Tinseltown decks the holidays early
You've heard of sports movies. This week, it's movies in Sports. Due to early Wave production deadlines and last-minute holiday movie scheduling, the "In Theaters" guide is in today's Sports section. Already, 2006 has been a movie year of unusual...
You've heard of sports movies. This week, it's movies in Sports.
Due to early Wave production deadlines and last-minute holiday movie scheduling, the "In Theaters" guide is in today's Sports section.
Already, 2006 has been a movie year of unusually high quality. Hollywood wants us to believe it's about to get even better.
The holiday season is traditionally the time when studios release their award contenders, just as Top 10 lists and nomination ballots are being prepared.
The strategy has expanded a bit to the fall season. "The Departed," "Stranger Than Fiction" and "Flags of Our Fathers" are among early contenders already in theaters, but December is still prime time for potential prizewinners.
Of course, 2006's films will stretch into 2007 in most of the country because Hollywood methodically delays wide releases of some films to sustain interest through the awards season.
Movies must play at least a week in New York and Los Angeles before Dec. 31 to qualify for Academy Award nominations. So you'll see actors on talk shows plugging these films during those qualifying runs, sometimes weeks before they reach your hometown screens.
Be patient. They'll get here when studios are ready, usually by January's end.
For now, here's a rundown of 13 highly promising films set for release between now and the new year. Dates are subject to change as studios jockey for momentum.
(Now showing) Hugh Jackman and Rachel Weisz share a romantic tragedy over a millennium, from the time of Ponce de Leon's explorations to a future without disease. Director Darren Aronofsky ("Pi," "Requiem for a Dream") explains it all in 96 minutes.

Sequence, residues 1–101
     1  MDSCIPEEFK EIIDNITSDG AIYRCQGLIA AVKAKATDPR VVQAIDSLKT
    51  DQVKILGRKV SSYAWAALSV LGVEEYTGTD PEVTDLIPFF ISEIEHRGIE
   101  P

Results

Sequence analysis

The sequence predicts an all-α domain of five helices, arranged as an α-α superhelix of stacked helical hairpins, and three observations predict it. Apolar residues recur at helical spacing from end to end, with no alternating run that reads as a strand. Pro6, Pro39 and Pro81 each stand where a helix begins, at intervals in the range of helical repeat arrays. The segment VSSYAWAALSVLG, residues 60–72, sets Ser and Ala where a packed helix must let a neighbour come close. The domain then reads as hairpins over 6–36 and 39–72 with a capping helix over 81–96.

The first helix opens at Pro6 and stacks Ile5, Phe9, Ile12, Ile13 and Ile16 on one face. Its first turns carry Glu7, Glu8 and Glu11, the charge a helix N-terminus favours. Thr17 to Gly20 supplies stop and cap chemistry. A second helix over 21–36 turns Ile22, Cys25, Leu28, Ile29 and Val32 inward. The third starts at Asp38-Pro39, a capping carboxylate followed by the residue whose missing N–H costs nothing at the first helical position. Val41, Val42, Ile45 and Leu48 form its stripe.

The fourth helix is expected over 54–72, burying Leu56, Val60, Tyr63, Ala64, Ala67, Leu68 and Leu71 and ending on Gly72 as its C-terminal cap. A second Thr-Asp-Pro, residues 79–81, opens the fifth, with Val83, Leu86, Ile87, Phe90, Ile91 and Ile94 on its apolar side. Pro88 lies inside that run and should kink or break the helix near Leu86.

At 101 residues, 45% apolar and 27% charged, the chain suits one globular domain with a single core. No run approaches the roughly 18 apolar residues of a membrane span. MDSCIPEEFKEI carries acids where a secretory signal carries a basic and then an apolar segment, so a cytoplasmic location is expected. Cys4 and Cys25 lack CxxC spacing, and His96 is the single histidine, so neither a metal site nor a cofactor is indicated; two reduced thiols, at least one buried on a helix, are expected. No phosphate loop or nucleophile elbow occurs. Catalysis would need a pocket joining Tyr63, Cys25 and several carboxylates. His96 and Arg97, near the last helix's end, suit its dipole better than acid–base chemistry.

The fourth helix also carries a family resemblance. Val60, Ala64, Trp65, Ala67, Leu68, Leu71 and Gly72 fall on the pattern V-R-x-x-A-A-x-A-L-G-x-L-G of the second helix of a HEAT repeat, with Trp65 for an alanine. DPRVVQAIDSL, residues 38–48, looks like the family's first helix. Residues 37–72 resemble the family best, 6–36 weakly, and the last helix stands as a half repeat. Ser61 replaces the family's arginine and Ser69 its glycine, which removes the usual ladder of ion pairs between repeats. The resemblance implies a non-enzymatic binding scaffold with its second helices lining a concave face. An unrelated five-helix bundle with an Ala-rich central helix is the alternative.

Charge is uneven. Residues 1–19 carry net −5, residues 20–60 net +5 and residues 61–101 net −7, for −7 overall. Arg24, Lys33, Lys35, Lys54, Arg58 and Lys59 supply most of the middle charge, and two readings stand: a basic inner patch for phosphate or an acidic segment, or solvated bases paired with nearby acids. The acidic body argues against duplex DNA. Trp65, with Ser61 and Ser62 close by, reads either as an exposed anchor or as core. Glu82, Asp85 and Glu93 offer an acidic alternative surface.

(Today) Director Emilio Estevez's ambitious recreation of Robert F. Kennedy's 1968 assassination, told from the culturally and politically diverse viewpoints of 22 characters. Anthony Hopkins, Demi Moore, Elijah Wood, Sharon Stone, Lindsay Lohan and William H. Macy lead the Altman-esque cast.
'THE NATIVITY STORY'
(Dec. 1) Director Catherine Hardwicke ("The Lords of Dogtown," "Thirteen") tackles the biblical story of Mary and Joseph as they seek a safe place for divine childbirth. Oscar nominee Keisha Castle-Hughes ("Whale Rider") plays the virgin mother.
(Dec. 8) Mel Gibson's post-meltdown career hinges on this historical epic that details the bloody fall of the Mayan empire. Like "The Passion of the Christ," it's entirely spoken in an obscure language with subtitles.
(Dec. 8) Leonardo Di Caprio is trying hard to become a tough guy with "The Departed" and this South African adventure. He plays a mercenary who joins a fisherman (Djimon Hounsou) in searching for a rare pink diamond.
'THE PURSUIT OF HAPPYNESS'
(Dec. 15) A single father (Will Smith) deals with homelessness, unemployment and one last, rigorous shot at success. Based on a true story.
(Dec. 15) The kingdom of Alagaesia, located at the intersection of Middle-earth and Narnia, relies upon a farm lad (Edward Speleers) and a dragon to defeat an evil king (John Malkovich).
(Dec. 20) E.B. White's beloved book gets the Babe blend of live action and selective animation. Dakota Fanning talks to the animals and they talk back with celebrity voices including Julia Roberts, Oprah Winfrey, Steve Buscemi and Robert Redford.
'WE ARE MARSHALL'
(both Dec. 22) Take your choice of sports tragedies: the 1970 air disaster that nearly ended a college football program, or Sylvester Stallone returning to the ring. "We Are Marshall" looks like a solid tearjerker with Matthew McConaughey. And "Rocky Balboa"? Thirty years and four sequels have passed since the original "Rocky." This will either be a rousing comeback or a sad knockout.
'NIGHT AT THE MUSEUM'
(Dec. 22) Ben Stiller plays a Museum of Natural History security guard who uncorks a curse that makes the exhibits come alive at closing time. What's scarier than being chased by a T. rex skeleton? Maybe watching Robin Williams riffing as Teddy Roosevelt.
'THE GOOD SHEPHERD'
(Dec. 22) Robert De Niro directs and co-stars in this dramatization of the creation of the Central Intelligence Agency. Matt Damon is getting awards buzz in the role of CIA architect Edward Wilson.
(Dec. 25) The Broadway smash about a 1960s pop trio resembling the Supremes comes to the screen. Oscar winner Jamie Foxx plays their slick manager, and Eddie Murphy is the star they upstage. Beyonce Knowles and "American Idol" standout Jennifer Hudson co-star and I'm telling you, I am going.